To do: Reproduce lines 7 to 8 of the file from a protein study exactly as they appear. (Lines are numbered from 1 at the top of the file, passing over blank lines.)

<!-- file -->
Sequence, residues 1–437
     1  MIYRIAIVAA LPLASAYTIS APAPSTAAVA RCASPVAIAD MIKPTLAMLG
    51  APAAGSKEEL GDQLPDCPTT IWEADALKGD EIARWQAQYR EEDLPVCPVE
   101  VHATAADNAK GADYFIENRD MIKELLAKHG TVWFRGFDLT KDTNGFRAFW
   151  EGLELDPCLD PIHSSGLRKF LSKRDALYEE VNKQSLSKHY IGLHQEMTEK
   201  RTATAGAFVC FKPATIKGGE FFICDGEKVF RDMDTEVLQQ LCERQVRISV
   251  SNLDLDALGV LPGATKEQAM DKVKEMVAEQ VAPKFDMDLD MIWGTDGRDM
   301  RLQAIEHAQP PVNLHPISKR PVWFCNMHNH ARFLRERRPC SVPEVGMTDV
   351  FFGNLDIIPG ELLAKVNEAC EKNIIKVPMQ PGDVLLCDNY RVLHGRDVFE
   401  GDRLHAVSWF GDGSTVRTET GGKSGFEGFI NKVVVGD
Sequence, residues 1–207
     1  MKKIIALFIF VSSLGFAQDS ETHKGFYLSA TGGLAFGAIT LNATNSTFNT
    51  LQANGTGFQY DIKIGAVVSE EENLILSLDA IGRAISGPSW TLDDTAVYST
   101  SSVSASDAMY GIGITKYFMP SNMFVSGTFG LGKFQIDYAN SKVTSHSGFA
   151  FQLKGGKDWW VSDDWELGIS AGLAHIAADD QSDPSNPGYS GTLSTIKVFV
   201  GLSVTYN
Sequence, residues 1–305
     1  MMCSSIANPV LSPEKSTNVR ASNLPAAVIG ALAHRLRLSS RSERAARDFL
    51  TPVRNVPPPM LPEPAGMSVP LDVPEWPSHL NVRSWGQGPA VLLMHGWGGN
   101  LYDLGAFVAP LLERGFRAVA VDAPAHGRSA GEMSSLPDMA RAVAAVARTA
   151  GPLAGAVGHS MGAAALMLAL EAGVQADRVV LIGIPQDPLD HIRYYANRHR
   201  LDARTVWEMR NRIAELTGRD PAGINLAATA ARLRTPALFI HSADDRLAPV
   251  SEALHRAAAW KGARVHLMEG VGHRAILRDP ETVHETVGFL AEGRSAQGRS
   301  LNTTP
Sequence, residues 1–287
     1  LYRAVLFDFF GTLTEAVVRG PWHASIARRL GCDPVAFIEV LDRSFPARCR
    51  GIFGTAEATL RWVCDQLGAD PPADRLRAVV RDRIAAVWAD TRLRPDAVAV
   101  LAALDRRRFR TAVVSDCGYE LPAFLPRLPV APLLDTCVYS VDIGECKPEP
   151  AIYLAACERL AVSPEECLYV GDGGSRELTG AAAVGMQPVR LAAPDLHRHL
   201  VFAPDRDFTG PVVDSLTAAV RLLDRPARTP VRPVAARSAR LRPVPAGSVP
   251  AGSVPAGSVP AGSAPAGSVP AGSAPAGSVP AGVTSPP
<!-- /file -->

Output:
   251  SNLDLDALGV LPGATKEQAM DKVKEMVAEQ VAPKFDMDLD MIWGTDGRDM
   301  RLQAIEHAQP PVNLHPISKR PVWFCNMHNH ARFLRERRPC SVPEVGMTDV